When it comes to economic growth, China is on a mission to tilt from quantity to quality. This runs parallel to the leadership’s ambitions to reach carbon neutrality by 2060.
If ESG is a critical ingredient in making this ambition a reality, then active asset managers have an opportunity to add value by meaningfully incorporating ESG criteria into their strategies.
China is a key actor in terms of achieving global climate goals. This in turn is important for global asset managers’ wider strategies, given that a successful global ESG portfolio will require exposure to Chinese assets – which look likely to grow, given China’s commitment to technology.
However, ESG is still in its nascent stages in China; and while consistent data points make things like environmental risks easier to manage, there are also – as panellists on our China roundtable highlighted – “hyper-specific issues like forced labour and human rights abuses of the Uighur Muslim population”, concerns around government involvement in companies with a significant footprint and an incomplete understanding of ESG to contend with.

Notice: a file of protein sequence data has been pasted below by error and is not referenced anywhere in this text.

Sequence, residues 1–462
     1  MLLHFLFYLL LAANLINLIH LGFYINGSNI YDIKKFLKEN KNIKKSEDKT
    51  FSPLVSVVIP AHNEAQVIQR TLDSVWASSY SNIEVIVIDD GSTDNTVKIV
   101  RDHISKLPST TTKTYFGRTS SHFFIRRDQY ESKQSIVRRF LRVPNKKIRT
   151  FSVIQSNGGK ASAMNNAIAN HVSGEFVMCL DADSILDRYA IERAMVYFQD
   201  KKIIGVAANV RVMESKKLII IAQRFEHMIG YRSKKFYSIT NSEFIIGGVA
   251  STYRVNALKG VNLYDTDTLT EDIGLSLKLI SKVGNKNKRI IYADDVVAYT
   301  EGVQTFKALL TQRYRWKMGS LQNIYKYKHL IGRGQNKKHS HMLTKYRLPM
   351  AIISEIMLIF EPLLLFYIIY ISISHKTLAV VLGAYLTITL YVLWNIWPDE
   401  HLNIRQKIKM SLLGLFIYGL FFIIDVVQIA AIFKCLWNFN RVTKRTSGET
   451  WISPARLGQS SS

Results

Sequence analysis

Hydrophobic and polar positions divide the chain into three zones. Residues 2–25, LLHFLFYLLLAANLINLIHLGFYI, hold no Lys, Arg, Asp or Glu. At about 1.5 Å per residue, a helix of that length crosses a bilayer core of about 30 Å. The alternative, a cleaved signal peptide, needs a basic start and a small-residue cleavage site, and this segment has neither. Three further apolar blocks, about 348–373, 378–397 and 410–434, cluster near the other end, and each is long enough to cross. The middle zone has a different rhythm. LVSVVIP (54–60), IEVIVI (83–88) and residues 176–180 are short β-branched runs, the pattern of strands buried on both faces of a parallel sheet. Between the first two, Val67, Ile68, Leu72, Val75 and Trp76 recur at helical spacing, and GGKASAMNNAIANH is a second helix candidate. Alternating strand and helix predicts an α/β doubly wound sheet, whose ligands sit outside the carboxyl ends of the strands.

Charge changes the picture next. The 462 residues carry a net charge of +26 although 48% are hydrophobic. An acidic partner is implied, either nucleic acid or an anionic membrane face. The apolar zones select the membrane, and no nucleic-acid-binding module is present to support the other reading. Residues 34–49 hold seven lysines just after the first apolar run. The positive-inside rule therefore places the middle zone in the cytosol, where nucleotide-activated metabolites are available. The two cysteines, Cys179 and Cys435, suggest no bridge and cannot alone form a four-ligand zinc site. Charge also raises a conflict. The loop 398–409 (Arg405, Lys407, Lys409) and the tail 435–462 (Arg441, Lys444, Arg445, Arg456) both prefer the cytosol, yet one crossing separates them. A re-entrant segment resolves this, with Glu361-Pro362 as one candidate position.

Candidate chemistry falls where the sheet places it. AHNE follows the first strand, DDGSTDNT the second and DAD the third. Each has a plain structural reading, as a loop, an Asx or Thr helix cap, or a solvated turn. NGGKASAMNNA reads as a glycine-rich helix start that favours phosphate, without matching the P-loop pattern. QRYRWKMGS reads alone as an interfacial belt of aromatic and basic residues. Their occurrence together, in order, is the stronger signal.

While challenges exist, the pace of change in China is arguably the fastest on Earth. When combined with its encouragement of foreign participation in its capital markets, this should help develop and elevate ESG standards, as well as improve efficiency.
Romil Patel International and ESG Editor
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